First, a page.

3. Monitoring. In addition to standard monitors (Chapter 10), a large peripheral IV (14 to 16 gauge), arterial catheter, and Foley catheter are used. Conversion to an open procedure is relatively rare, but each case should be set up for the possibility of an emergent AAA repair (see below).
  4. Anesthetic technique. Most patients receive an epidural or combined spinal and epidural anesthetic. IV sedation with propofol and/or benzodiazepines and short-acting narcotics is titrated to patient comfort.
  5. Complications of EVR include failure to exclude the AAA from the arterial system (endoleak), embolism, arterial injury, graft kinking, limb ischemia, and infection. Patients with impaired renal function are at risk for CIN, and both N-acetylcysteine and sodium bicarbonate infusion are given routinely.

Emergency Abdominal Aortic Surgery

Patients present with a wide spectrum of signs and symptoms and can be divided into two groups:

  1. The hemodynamically stable patient with an expanding contained rupture has the same anesthetic considerations as described above (see section V.A), but the preoperative preparation must proceed expeditiously.
    1. Foley catheter and nasogastric tube insertion should be delayed until after induction, to avoid Valsalva maneuvers (or hypertension) that may aggravate bleeding or cause frank rupture. Placement of a central venous pressure or PA line is often undertaken while the patient is awake.
    2. Induction proceeds after preoxygenation, using placement of cricoid pressure and careful titration of hypnotic agents, opioids, and muscle relaxants. Hypertension must be avoided and anesthesia may be supplemented with vasoactive drugs.
  2. The hemodynamically unstable patient (ruptured aneurysm) requires resuscitative measures. Mortality can be limited by restoration of intravascular volume, judicious use of vasoconstrictors, and rapid surgical control. Under the best of situations, there is a 40% to 50% mortality, usually resulting from the physiologic consequences of hypotension and massive blood transfusion. The incidence of MI, acute renal failure, respiratory failure, and coagulopathy is high.
    1. General considerations
      1. Large-bore IV access is paramount.
      2. Blood samples should be sent immediately for cross-matching and any other pertinent laboratory studies. Blood components should be ordered immediately, but universal donor-type blood (type O-negative in women of childbearing age and type O-positive in all others) and FFP (type AB) should be obtained if type-specific blood and FFP are unavailable. Colloid solutions should be available. The autotransfusion team should be notified and equipment set up.
    2. Surgical technique. The immediate surgical priority will be to control bleeding by cross-clamping the aorta in the chest or abdomen.
    3. Monitoring. Minimum monitoring standards (see Chapter 10) should be applied during the initial volume resuscitation, followed by placement of invasive monitors as time and hemodynamics permit. Placement of monitors and fluid resuscitation should not delay definitive surgical control of a rupture in an unstable patient. Coordination of the patient care priorities should be accomplished by direct communication between the surgical and anesthesia team.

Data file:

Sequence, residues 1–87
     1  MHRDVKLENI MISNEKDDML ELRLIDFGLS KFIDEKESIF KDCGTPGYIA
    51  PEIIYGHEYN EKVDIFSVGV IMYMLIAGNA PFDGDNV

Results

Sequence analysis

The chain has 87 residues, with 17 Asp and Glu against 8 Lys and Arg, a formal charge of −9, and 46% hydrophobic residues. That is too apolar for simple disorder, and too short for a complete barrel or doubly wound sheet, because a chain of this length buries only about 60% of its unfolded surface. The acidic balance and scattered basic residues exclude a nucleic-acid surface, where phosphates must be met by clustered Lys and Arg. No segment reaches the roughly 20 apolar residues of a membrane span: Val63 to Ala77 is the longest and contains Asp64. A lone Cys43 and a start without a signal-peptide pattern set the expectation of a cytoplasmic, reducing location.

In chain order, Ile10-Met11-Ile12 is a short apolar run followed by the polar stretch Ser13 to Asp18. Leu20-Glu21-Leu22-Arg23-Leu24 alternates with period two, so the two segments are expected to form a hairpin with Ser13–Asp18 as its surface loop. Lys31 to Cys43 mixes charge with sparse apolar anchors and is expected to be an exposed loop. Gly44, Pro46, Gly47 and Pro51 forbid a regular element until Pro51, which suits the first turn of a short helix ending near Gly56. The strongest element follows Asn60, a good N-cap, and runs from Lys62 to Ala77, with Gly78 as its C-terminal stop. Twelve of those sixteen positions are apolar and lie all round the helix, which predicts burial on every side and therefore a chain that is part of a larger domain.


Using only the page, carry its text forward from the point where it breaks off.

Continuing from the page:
4. Anesthetic technique
      1. Induction
        1. In moribund patients, endotracheal intubation should be performed immediately.
        2. In hypotensive patients, a rapid careful induction is indicated, but the patient may be able to tolerate only small doses of scopolamine, ketamine, etomidate, and/or a benzodiazepine and a relaxant.
      2. Maintenance
        1. Once the aorta has been clamped to control bleeding, resuscitative efforts should continue until hemodynamic stability is achieved. Incremental doses of opioid and supplemental anesthetics are given as tolerated.
        2. Blood products (including FFP and platelets) are administered when available. Serial laboratory studies should guide further management. Fluid warmers capable of infusing large volumes should be available.
        3. Hypothermia is common and contributes to the acidosis, coagulopathy, and myocardial dysfunction that complicate aortic aneurysm repair. Methods of heat conservation and warming are discussed in 18.
        4. To prevent renal failure, aggressive efforts should be made to preserve urine output with volume replacement, mannitol, and fenoldopam. Mortality in patients developing renal failure following a ruptured AAA is high.
      3. Emergence. Large fluid shifts; hypothermia; and acid-base, electrolyte, and coagulation abnormalities make the immediate postoperative period complex. Most patients remain intubated and mechanically ventilated at the end of the procedure and transported to the ICU for postoperative care.